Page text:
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  1. #1
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    I need to convert an Access 2003 database into a SQL database for a large/complex application. Is the 'Upsizing Wizard'
    the way to go or would you recommend a vendor purchased sql conversion application? Does SQL offer some type of
    'Access Conversion Wizard' also? Which is the best way to go?

    Also, once the application is converted and all of the conversion errors have been cleaned up, would the resulting SQL application
    be a VB6, a .NET or a C++ application? Thanks very much.....Ray

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    Welcome to the Windows Secrets Lounge!

    The upsizing Wizard in 2003 works reasonably well - 2007 works even better. But in the long run you will want to do some tweaking of what gets upsized. I would suggest if you are an experienced Access developer that you install the Express version of SQL Server as a test environment - it's a free download from the Microsoft website - 2008 is the current version. After you have it installed, run the upsizing wizard and tell it you want to link to the tables in your Access database. Once you have done that there is no need to create a new front-end application if your Access design has served your users well. If you would like further advice, I'm sure one of us Loungers can help - several of us frequently used Access as a front-end to SQL Server applications.
    Wendell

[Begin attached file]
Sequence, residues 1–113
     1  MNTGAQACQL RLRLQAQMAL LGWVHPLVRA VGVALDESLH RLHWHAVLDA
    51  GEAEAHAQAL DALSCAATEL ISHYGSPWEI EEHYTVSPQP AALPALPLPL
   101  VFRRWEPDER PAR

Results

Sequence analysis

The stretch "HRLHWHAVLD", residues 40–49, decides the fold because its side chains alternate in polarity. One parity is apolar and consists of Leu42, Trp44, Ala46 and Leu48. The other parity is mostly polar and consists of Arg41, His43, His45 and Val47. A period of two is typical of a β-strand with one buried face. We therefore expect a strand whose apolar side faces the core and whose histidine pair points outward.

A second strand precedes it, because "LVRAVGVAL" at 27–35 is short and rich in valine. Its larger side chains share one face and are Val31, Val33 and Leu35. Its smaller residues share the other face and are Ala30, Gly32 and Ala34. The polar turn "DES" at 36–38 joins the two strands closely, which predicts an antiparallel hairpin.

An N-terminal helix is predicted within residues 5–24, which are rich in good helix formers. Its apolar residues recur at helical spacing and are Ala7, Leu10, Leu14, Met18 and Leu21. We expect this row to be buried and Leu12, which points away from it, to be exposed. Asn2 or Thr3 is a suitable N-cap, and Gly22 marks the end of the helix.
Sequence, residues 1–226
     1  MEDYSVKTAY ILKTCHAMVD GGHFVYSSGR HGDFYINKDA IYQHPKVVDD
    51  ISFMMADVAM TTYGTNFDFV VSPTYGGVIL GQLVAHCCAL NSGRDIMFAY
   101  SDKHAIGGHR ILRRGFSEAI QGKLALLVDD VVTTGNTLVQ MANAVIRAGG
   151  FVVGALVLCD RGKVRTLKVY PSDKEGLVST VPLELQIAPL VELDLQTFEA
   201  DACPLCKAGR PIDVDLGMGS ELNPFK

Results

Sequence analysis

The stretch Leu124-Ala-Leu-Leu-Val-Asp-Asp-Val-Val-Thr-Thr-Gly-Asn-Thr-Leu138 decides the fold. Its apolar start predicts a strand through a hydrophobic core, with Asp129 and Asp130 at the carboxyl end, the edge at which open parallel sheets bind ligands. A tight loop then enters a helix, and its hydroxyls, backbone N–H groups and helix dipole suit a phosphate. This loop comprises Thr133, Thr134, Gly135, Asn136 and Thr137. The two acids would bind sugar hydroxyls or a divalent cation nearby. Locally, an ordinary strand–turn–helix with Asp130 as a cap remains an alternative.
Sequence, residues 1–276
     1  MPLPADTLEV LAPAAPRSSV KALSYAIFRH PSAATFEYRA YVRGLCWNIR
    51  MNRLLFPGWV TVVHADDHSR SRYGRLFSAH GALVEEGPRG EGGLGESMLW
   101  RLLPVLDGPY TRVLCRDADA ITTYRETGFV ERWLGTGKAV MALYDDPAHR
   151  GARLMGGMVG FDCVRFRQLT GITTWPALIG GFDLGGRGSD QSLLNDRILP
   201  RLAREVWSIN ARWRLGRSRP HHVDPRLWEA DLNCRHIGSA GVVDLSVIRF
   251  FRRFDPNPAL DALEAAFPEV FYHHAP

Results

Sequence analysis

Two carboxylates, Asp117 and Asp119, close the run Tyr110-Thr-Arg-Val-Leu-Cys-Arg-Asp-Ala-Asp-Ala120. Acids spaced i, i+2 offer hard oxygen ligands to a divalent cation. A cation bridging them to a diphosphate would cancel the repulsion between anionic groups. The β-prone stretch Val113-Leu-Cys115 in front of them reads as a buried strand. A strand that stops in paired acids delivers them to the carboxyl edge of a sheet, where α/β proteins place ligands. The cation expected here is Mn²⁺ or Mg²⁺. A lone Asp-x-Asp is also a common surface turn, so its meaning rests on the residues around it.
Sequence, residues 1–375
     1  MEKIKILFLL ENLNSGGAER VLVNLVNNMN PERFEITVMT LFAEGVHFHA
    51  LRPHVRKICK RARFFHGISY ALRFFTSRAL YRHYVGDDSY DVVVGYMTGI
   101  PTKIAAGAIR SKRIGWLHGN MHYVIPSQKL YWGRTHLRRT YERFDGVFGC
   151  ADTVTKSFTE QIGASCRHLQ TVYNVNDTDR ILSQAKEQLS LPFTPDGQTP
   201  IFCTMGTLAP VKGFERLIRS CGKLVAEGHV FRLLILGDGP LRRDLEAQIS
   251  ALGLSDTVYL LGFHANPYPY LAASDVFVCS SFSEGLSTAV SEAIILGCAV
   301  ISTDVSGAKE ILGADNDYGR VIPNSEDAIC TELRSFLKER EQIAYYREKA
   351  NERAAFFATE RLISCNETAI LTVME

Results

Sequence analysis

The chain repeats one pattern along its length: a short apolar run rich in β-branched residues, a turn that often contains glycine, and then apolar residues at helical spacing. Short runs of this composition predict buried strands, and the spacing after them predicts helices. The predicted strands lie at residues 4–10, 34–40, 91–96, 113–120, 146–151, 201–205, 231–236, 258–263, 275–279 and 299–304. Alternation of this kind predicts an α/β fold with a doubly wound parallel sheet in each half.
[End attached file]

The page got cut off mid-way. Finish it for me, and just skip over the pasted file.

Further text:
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    Quote Originally Posted by Ray Fitzsimmons View Post
    I need to convert an Access 2003 database into a SQL database for a large/complex application. Is the 'Upsizing Wizard'
    the way to go or would you recommend a vendor purchased sql conversion application? Does SQL offer some type of
    'Access Conversion Wizard' also? Which is the best way to go?

    Also, once the application is converted and all of the conversion errors have been cleaned up, would the resulting SQL application
    be a VB6, a .NET or a C++ application? Thanks very much.....Ray
    Theoretically, after you convert the backend database to SQL server, you can just link to your existing frontend without changes. You probably won't see much of a performance advantage (if any); but it is a starting point; and you have a functional database at a relatively low cost.

    From there, you can start exploring the use of Pass-through queries and Stored Procedures, especially for reporting, processing, as rowsources of comboboxes and listboxes, etc. SQL syntax is different in SQL server vs Access, but you'll get the hang of it. Basically, as you notice a process or maybe a report that seems to take too long, you try to convert it (I primarily use pass-throughs).
    Mark Liquorman
    See my website for Tips & Downloads and for my Liquorman Utilities.

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    Thanks so very much for your quick responses. My 'customer' is insisting on no Access whatsoever, so it appears that the Access 2007
    (or possibly Access 2010?) Upsizing Wizard is the way to go with a lot of recoding DoCmd.RunQuery statements as pass-through queries.

    Question #2 still remains however.....what will I have when I'm done; VB6, .NET, or C++, or something else? Thanks again, Ray

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    What does he mean by "..no Access what-so-ever"? Does that mean you can't use Access as the frontend? Then you are going to have to develop the frontend in some other language; and why is that unknown language better than Access? If he is OK with tossing out all prior development work (and his investment) and starting all over from scratch, then you'll make some money. Good luck.
    Mark Liquorman
    See my website for Tips & Downloads and for my Liquorman Utilities.